The New York Entomological Society (NYES), founded in 1892, is one of the oldest, continually active entomological societies in the U.S.
This year is the National Park Service’s Centennial anniversary. In recognition, we thought we would take a look at one of the geological surveys that inspired the founding of Yellowstone National Park. In recent months, researchers in increasing numbers have looked for specimens and field documentation relating to Yellowstone, specifically from the Hayden Geological Survey of 1871. This survey is important for a number of reasons. It was the first federally funded survey, and was instrumental in introducing the American public to Yellowstone’s natural wonders. It inspired Congress to establish Yellowstone as the first national park in 1872. Smithsonian is a repository for specimens and documentation from the Hayden Geological Survey and numerous others relating to the U.S.
In honor of the first Olympics to take place in Brazil, we are highlighting a book contributed by The Field Museum featuring birds of South America, Le Vaillant’s Histoire naturelle d’une partie d’oiseaux nouveaux et rares de l’Amerique et des Indes (1801). Among several titles chosen for digitization from the Field Museum Library’s impressive Edward E. Ayer Ornithological Library, housed in the collections of the Mary W. Runnells Rare Book Room, the entry for the volume in Catalogue of the Edward E. Ayer Ornithological Library characterizes it as “a work intended to supplement his Hist. Nat. des Oiseaux d’Afrique (q.v.) by describing and figuring birds not properly included in that work.”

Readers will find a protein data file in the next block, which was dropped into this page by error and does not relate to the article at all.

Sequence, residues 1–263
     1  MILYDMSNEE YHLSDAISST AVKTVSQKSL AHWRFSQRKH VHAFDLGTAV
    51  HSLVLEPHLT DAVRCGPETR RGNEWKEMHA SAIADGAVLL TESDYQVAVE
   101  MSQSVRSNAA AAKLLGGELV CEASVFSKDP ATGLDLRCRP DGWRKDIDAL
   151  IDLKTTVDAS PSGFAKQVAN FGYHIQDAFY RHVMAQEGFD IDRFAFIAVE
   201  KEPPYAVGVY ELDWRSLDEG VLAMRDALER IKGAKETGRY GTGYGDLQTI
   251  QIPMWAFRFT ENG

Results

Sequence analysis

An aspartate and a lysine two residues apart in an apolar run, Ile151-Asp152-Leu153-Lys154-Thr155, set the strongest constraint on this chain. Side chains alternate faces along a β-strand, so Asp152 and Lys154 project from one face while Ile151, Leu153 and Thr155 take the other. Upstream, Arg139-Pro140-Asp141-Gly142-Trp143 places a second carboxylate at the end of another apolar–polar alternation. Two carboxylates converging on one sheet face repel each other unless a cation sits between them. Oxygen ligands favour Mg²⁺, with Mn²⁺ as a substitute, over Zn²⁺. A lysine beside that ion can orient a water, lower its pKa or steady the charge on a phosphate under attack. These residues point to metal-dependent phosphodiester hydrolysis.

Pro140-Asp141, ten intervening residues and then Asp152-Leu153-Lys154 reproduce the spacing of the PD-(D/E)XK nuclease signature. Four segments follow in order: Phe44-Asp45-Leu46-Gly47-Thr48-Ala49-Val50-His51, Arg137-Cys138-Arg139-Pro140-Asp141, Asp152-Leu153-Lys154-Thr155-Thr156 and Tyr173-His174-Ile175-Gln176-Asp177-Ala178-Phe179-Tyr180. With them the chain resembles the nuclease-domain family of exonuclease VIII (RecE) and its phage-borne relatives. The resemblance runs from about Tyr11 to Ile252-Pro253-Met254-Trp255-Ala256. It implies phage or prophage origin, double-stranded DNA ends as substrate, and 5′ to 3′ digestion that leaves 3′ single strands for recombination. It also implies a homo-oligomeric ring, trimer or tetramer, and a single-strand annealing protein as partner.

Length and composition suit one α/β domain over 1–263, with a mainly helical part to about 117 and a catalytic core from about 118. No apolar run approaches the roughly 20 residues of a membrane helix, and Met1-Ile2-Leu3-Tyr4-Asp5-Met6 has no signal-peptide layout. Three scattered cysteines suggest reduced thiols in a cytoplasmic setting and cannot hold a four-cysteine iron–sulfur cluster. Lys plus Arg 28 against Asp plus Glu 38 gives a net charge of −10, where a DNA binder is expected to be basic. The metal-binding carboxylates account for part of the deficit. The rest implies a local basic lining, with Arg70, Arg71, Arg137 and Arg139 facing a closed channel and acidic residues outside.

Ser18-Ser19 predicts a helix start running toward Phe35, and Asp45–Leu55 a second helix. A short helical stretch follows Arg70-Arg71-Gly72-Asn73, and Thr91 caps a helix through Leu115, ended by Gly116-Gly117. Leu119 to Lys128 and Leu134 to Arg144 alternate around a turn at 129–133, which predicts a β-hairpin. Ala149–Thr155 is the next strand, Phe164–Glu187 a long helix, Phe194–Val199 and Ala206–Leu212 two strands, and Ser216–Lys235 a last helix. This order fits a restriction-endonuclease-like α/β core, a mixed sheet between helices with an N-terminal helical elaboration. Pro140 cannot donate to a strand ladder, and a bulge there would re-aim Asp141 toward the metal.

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The Biodiversity Heritage Library (BHL) is the world’s largest open access digital library for biodiversity literature and archives. Headquartered at the Smithsonian Libraries and Archives in Washington, D.C., BHL operates as a worldwide consortium of natural history, botanical, research, and national libraries working together to digitize the natural history literature held in their collections and make it freely available for open access as part of a global “biodiversity community.”
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